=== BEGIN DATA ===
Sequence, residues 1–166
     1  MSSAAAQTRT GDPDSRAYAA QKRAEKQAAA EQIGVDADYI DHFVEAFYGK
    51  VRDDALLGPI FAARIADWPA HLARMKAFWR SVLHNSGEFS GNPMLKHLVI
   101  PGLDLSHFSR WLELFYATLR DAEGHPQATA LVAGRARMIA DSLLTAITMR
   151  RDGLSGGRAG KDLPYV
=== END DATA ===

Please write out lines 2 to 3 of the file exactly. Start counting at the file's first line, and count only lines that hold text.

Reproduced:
     1  MSSAAAQTRT GDPDSRAYAA QKRAEKQAAA EQIGVDADYI DHFVEAFYGK
    51  VRDDALLGPI FAARIADWPA HLARMKAFWR SVLHNSGEFS GNPMLKHLVI